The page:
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Broken Heart Leads To Angry Man

by Joseph

I grew up a happy kid. As I became an adolescent things were a little different, but I still was pretty decent to people. Then my family began to move around and my life changed. I left the friends I had grown up with and my first girlfriend.

After my last 3 years of high school, I went to college for a semester and dropped out and got married. My parents were not happy about it, and I believe it was the real beginning. I would get into fights with my mom and dad, thus resulting in not seeing them for long periods of time.

I decided to get a good job and stay with it and buy my first house with my first wife. By the time I was 21 I had bought 2 houses and was doing just fine as I thought. When my first daughter was about 12, my wife decided she didn't love me any more.

Now I know she had reasons, since we did fight a lot, but we did makeup all the time. I thought this was okay since I had saw my parents and grandparents do the same thing. Truth of the matter, I thought that one day she would be coming back but that did not happen.

I became involved with another, and I basically let her take the first one's place. I did not get to see my first daughter very much and so I had to give my attention to my new stepsons, and then we had 2 more kids. Now I see the same cycle happening and I do not want the same thing to happen especially with 4 kids.

It seems that I just fly off the handle about things I shouldn't. I think I am maybe a little controlling and that is the problem. What can I do to stop this cycle from happening again?

Response from Dr. DeFoore

Hello Joseph, and thanks for telling your story here. I support you in your efforts to manage your anger, and to protect your family.

First, consider that you have very good reasons for your anger, although those reasons are most likely not fully grounded in your present circumstances. In other words, you have older issues that are triggered by your present situation, making your reactions stronger than they need to be.

I recommend that you take a good long look at your history, your anger patterns, and your mental focus.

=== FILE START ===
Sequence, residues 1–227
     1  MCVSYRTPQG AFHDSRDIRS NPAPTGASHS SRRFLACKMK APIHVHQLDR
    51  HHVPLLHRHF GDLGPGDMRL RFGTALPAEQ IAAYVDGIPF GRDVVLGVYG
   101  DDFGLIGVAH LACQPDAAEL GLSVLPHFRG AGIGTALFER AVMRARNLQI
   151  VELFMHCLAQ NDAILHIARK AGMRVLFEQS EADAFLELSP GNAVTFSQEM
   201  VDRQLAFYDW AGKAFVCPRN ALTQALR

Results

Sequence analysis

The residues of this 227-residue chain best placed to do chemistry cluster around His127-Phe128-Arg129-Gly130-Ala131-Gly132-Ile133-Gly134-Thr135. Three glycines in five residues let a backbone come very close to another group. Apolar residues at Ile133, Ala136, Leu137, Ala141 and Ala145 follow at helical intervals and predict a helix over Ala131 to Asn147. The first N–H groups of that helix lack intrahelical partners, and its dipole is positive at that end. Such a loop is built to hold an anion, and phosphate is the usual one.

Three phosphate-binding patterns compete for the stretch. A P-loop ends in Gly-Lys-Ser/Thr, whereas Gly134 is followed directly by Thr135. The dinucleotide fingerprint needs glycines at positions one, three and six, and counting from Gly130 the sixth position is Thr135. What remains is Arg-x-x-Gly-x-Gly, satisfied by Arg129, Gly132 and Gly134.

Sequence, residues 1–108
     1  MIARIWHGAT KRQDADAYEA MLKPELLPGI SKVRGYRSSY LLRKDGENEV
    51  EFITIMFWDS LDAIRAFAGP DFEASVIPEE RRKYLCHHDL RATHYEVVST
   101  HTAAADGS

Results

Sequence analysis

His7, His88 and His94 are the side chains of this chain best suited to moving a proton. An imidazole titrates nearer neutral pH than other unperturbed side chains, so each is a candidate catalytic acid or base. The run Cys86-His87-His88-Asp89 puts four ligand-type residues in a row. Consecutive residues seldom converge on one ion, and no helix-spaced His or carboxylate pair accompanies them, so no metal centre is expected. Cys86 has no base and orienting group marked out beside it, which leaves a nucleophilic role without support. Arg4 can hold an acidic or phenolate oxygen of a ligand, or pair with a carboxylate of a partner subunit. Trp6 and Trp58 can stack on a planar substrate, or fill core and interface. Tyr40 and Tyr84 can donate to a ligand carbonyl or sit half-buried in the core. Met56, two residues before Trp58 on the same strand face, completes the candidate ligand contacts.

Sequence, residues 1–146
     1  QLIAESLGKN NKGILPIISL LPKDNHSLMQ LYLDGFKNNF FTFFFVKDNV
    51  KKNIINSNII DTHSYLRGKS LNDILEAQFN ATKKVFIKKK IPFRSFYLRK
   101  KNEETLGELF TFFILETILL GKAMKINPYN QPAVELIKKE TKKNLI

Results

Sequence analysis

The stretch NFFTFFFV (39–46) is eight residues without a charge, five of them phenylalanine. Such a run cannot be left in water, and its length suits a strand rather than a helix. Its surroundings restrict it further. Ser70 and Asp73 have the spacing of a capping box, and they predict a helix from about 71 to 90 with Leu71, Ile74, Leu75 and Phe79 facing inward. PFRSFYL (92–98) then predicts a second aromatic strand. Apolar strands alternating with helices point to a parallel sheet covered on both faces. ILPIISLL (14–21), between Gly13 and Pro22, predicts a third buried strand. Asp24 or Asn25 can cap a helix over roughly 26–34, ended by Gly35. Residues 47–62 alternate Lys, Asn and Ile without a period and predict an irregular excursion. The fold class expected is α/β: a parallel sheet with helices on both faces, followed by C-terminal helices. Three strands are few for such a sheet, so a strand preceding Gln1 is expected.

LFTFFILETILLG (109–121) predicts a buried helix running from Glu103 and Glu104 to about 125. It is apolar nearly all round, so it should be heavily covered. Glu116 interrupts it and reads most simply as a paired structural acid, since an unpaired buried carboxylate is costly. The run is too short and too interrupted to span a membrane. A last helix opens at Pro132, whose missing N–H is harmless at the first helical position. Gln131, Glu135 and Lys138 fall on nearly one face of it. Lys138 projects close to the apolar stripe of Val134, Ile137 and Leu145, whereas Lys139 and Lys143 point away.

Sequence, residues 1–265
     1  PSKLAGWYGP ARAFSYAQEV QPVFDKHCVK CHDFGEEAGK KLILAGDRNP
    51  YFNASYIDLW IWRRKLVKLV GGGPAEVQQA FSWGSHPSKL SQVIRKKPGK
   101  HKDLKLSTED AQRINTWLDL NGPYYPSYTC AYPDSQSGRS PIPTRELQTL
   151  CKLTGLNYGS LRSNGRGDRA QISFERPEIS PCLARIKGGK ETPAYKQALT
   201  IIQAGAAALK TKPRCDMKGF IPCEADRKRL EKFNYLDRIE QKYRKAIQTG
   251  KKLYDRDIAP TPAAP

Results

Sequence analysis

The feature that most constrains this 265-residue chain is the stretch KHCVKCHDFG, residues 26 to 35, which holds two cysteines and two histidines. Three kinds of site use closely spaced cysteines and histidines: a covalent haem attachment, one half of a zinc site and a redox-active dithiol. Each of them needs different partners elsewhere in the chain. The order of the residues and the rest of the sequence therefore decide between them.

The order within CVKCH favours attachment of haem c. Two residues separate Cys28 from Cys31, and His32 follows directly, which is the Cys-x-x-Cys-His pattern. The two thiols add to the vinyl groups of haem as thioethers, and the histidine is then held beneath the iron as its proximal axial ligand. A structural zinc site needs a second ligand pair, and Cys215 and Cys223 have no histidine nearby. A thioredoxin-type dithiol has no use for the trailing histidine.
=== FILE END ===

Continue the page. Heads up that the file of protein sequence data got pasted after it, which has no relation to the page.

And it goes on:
First, do the three journaling exercises on this page. This will help you to identify some of the prior issues that underlie your anger. Also, look at the influence of role models. See if you can figure out where your patterns of controlling others came from.

Controlling behavior arises out of fear. Make a thorough list of all of your fears, and one of the other exercises I will recommend will help with that.

The anger journaling process is especially important. Do this daily, as a way of staying "on top of" your anger. Be aware that this is a way of containing your anger, and bringing it under your conscious control.

Then do these imagery processes for emotional healing, as a way of addressing and resolving your past trauma and fears--which by the way, are the problems that underlie your anger issues.

Finally, begin shifting your mental focus to what is good, right and working in your life, with the positive journaling process described in the link above. This is extremely important. Do this daily, for the foreseeable future, and it will gradually help you to re-train your brain and shift your habitual focus from the problems to the good things in yourself, your family, and the world around you.

I have a strong feeling that you can and will do this, Joseph. I think you're a good man, who wants to do the right thing for your family.

My very best to you,

Dr. DeFoore

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